The Geechee Witch: A Boo Hag Story (2024) Review
Long time readers will know I’m a fan of Jeremiah Kipp (Slapface, Siren) since I reviewed the original short version of Slapface. So when I got a chance to review his latest film The Geechee Witch: A Boo Hag Story, of course I jumped on it. The script revolving around the Boo Hag, a nasty sounding creature from folklore I hadn’t heard of before, was just icing on the cake.
Leah (Tryphena Wade, One Night Stand Murder, Abduction Runs in the Family) and her husband Asa (Stephen Cofield Jr., Catch-30, In A NY Minute) have been through a lot. First they’ve had to deal with Leah’s miscarriage and now Asa’s mother has passed away. He hasn’t been home in years, and Leah has never seen his family estate or where he grew up, something he tries to blow off when she asks him about it.
However, since is father (Lance E. Nichols, American Outlaws, Body Cam), needs to get away from the memories and is moving to Florida they’ve taken him up on his offer to move in. It’s a decision she’s soon starting to second guess as she hears cryptic fragments of conversations, wakes up with what look like claw marks on her arm and sees doors opening and closing on their own.
The script is by J. Craig Gordon, Phoenix Higgins and Jason Walter Short (The Last Night), all of whom have plenty of experience on film sets if not at writing. They’ve crafted a slow burning story that manages to incorporate a lot of familiar elements, although The Geechee Witch doesn’t always use them in the ways you that might expect
Marital issues stemming from a lost pregnancy and infidelity, the estranged son returning home and home being a huge old plantation house. A strange servant (Basil Wallace, Rapid Fire, Return of the Living Dead III) with a beautiful granddaughter (Sinclair Daniel, Insidious: The Red Door, The Other Black Girl) who has eyes for the new lord of the manor, and of course, voodoo all play into The Geechee Witch’s plot and are allowed to simmer for most of the first hour. The result feels something like an updated Southern Gothic.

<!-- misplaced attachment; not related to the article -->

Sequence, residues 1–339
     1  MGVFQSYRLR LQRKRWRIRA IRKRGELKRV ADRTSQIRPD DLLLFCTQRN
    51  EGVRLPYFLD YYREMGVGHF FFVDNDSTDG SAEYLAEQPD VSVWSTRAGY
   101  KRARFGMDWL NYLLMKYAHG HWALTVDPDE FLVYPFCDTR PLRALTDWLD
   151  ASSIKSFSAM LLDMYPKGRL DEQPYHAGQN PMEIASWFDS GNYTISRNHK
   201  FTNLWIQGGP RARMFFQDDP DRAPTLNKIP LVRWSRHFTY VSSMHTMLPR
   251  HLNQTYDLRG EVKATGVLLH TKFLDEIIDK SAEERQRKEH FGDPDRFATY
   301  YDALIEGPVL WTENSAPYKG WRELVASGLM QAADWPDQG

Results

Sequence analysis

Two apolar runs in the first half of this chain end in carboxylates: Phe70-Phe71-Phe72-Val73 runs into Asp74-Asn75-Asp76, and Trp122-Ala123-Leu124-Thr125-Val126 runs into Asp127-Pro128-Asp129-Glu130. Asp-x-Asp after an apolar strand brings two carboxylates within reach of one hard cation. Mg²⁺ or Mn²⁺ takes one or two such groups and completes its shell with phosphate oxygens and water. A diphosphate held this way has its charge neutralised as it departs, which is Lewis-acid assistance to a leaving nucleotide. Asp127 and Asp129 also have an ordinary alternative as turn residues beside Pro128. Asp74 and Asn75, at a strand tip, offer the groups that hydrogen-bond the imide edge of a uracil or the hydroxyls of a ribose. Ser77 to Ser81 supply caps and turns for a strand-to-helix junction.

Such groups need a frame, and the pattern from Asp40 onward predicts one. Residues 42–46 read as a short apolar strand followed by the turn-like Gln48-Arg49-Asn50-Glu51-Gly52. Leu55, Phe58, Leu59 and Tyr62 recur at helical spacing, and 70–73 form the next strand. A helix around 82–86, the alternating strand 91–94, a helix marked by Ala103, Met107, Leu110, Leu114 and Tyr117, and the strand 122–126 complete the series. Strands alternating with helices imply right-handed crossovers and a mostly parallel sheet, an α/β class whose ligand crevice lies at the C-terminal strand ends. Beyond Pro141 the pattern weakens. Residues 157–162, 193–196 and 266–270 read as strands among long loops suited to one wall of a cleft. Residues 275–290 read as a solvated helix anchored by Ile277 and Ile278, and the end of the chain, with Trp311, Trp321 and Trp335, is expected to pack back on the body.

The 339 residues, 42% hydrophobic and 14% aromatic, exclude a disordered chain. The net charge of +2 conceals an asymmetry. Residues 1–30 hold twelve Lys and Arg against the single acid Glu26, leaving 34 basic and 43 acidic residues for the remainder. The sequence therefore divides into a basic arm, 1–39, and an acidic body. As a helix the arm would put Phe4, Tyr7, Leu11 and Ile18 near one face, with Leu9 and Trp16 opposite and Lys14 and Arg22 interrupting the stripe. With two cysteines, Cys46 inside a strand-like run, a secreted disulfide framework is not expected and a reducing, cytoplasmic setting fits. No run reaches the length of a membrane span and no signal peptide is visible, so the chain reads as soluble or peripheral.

Kipp, with an assist from cinematographer Dominick Sivilli (The Overnight, The Sadist) gets plenty of mileage out of these elements, settings like an abandoned and overgrown shack through the first hour. There’s rarely anything more explicit than a glimpse of something in nightmares or out of the corner of the eye, but combined with the atmosphere it’s quite entertaining.
The Geechee Witch is also quite restrained for a film about a creature that wears the skins of its previous victims, with the film’s few gore scenes saved for the final act. Mickey Busch (The Forest Hills, Scott Free) and Rachel Kepley (Faceless After Dark, Mine Nine) make sure they and the Boo Hag herself (Nikelola Balogun, The Cove, Eyes Wide Open) look quite effective when they arrive. The CGI fire in the film’s climax is better than average, but still obviously computer generated.
The cast, while mostly unfamiliar, are all quite good and manage to avoid letting some of the script’s domestic dramatics slip into soap opera territory. They also do a solid job of selling the film’s supernatural elements, this is especially true of Wade, who has to play a character on the edge of hysteria without actually going over the top with her performance.
The last act does stumble a bit with some rather clumsily worked in exposition about the Geechee Witch and the curse that hangs over the characters. That and a final shot that will provoke more eye rolls than anything are my only real complaints with the film, though.
The Geechee Witch is a solid film with good performances and nice pacing backed up with several scares, a couple of surprises and some effective mayhem in the final act. It should satisfy most viewers looking for an evening’s fright fare.